The entire atmosphere was purposeful, quiet and fluid. Much nicer than other factories I've seen.
Onwards to testing, I was in for the biggest surprise yet. I should have known after seeing the woman polishing glass what testing would be like. Every unit is put through an unbelievable battery of tests. There is of course the full suite of performance tests, but how many companies test every unit on a high speed vibration table? This table vibrates in the X-Y horizontal plane with an intensity similar to an orbital sander and is designed to put stress on the solder joints and mechanical components. After a short vibration, a "premium" company might return the unit to the test bench and redo the tests there. Accuphase goes a step further. They test the performance AS the unit is vibrating on the table! This way they can see any fluctuation of performance under extreme conditions. You can bet if any deficiency is found, the unit goes back on the line for diagnosis and will be brought up to A++ standards. I was flabbergasted at this level of perfection. It certainly gives you confidence in the long term reliability of the product.
Another small room is home to a man who sits in the dark looking for pin-pricks of light escaping from seams in the chassis or front panel. All day in the dark looking for even the slightest imperfection really shows dedication!
The perfectly piled boxes at the end of the line is a beautiful sight. When I asked them if they ever wished to expand their production volume and move to a larger facility, they replied that they were content staying at manageable size as it allowed them to maintain such control and perfection over the entire production process.
If any visitor fails to be convinced about the quality of the Accuphase brand by this point, it only takes a final visit to the Legacy Repairs floor. Here, 6 people work at fixing and refurbishing customer units which are up to 40 years old! One CD player was on the bench. I asked when it was originally manufactured and they replied about 1990. They still had parts for the slide mechanism for the loading tray! For those who know anything about CD player reliability, or the availability of parts, this is absolutely incredible. Apart from the makers of the drives themselves, I don't think there are any other companies in the world who can claim such long product support.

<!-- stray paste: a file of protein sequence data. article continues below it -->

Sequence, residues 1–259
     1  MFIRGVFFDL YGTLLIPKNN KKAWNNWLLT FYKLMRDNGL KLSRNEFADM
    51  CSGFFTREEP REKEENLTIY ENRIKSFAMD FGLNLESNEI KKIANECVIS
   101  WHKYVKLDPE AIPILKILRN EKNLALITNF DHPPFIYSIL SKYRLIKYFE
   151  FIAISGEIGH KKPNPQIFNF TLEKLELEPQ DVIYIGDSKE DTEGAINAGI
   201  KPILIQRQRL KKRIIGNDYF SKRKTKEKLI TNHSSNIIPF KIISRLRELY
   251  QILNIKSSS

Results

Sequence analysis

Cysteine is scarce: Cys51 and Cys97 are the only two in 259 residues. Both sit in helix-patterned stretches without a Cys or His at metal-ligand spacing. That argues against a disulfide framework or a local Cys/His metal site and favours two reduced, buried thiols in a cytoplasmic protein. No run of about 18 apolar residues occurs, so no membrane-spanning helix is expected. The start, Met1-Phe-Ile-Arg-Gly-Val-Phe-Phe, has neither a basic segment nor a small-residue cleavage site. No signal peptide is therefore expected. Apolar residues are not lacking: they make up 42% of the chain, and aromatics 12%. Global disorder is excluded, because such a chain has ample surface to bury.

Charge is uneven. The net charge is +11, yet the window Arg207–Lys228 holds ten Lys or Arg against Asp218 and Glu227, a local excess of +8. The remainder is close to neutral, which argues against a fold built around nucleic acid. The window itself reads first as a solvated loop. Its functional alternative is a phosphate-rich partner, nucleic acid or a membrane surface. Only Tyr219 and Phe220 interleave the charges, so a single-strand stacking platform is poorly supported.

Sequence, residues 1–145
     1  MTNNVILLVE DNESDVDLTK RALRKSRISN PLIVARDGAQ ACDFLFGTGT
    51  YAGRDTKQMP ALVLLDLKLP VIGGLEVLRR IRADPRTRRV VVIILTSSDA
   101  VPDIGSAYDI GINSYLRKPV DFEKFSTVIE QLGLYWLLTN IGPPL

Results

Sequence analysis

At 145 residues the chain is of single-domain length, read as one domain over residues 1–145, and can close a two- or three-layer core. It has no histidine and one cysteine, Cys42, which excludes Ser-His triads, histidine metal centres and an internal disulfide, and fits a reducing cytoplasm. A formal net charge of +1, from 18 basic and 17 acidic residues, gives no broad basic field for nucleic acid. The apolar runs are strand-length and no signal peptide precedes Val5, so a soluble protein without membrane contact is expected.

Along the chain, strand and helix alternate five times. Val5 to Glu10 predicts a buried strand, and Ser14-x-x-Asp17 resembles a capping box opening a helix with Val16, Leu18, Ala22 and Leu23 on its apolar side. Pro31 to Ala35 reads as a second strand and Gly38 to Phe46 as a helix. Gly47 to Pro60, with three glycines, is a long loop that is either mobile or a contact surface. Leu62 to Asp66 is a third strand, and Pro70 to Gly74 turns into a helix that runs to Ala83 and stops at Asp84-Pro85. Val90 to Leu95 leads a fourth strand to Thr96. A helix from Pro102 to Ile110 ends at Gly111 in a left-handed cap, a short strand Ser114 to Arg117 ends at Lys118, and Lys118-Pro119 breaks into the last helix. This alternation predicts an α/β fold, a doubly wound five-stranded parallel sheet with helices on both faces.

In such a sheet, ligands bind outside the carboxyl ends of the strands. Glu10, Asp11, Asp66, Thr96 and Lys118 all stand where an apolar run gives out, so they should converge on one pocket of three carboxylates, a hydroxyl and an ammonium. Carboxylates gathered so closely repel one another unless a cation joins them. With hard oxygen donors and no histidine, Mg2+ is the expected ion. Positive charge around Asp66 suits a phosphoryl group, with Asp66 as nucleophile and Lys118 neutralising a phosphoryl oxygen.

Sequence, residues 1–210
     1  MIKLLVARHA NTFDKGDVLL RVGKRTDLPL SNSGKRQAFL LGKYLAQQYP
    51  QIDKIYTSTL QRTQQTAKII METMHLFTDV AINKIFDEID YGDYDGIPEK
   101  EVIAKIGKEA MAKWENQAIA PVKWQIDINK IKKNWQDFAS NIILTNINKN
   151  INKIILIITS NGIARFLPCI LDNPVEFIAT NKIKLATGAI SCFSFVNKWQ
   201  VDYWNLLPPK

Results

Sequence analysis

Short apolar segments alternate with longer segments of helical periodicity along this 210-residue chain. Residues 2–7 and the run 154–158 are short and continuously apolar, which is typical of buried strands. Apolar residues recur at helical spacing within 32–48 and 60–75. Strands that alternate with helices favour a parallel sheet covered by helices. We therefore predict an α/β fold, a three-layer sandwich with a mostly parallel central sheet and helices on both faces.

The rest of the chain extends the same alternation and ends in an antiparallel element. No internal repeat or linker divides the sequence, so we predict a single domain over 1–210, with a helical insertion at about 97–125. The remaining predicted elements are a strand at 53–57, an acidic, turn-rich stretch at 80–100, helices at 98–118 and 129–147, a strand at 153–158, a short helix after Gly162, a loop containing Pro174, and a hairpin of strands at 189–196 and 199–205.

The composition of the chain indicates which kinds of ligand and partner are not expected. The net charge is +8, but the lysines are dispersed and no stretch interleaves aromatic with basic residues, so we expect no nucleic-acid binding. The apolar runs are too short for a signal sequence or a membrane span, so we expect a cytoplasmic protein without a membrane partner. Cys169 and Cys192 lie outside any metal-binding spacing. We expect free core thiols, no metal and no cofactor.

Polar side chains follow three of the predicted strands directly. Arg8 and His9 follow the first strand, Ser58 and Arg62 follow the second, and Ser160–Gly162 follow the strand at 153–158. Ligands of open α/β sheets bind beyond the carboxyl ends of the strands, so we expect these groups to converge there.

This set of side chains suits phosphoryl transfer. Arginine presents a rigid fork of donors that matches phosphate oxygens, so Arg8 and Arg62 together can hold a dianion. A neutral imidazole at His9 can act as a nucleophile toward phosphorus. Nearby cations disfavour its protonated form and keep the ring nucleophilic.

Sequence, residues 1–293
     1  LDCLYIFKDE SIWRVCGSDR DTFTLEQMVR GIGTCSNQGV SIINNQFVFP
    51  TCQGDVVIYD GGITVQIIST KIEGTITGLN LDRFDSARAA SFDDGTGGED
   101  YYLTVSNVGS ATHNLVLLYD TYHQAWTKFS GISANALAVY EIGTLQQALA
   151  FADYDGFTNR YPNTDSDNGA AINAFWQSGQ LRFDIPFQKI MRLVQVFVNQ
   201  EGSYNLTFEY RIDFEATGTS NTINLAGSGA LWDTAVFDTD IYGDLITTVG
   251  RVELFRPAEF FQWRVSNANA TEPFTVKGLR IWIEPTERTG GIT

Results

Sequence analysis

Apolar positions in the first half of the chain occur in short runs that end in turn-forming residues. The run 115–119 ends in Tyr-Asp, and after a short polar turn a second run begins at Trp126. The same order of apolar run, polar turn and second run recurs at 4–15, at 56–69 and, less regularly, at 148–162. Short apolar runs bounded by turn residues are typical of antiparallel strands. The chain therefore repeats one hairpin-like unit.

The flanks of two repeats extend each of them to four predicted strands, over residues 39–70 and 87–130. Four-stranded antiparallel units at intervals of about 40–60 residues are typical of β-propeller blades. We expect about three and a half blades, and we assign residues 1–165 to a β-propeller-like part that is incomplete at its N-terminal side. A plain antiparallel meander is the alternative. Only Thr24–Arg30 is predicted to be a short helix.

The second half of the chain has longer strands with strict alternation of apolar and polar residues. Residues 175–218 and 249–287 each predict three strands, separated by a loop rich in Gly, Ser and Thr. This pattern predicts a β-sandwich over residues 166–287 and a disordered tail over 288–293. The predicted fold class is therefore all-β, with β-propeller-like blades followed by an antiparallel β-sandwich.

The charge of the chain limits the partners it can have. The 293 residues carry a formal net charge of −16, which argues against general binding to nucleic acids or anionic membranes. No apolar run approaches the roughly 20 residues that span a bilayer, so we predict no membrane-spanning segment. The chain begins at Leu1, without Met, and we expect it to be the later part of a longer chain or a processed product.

We ended the tour with an extensive listening session of current products: DP-550, DP-720, E-600, A-70 etc. It is always a treat to hear such a range of products in quick succession to clearly hear what you're getting from moving up the line. The DP-720 and A-70 in particular were spectacular.
I felt absolutely privileged to have been shown such intricate details of the Accuphase operation. My hosts were extremely gracious and forthcoming. My lasting impression was simply the sense of complete professionalism and confidence the company has in their products.
When someone is considering an audio product at this price level and pedigree, this kind of behind the scenes support gives ultimate confidence in the value. Compared to the general attitude of mass-market audio producers, seeing an organisation operating as Accuphase does is an epiphany. It makes you appreciate everything that goes into the cost and most of all gives the assurance that every single detail of a product's design and end use has been anticipated. From the soft-damped feature doors on their amplifiers to the silent operation of their SACD transports, these are people who've cared to make things as good as they can be made.
In an age where everything is disposable and nobody stands for anything, it's good to know there is a company like Accuphase which you can feel proud to support. For a true lifetime purchase it's really worth it. I hope we can share the Accuphase philosophy with as many of you as possible.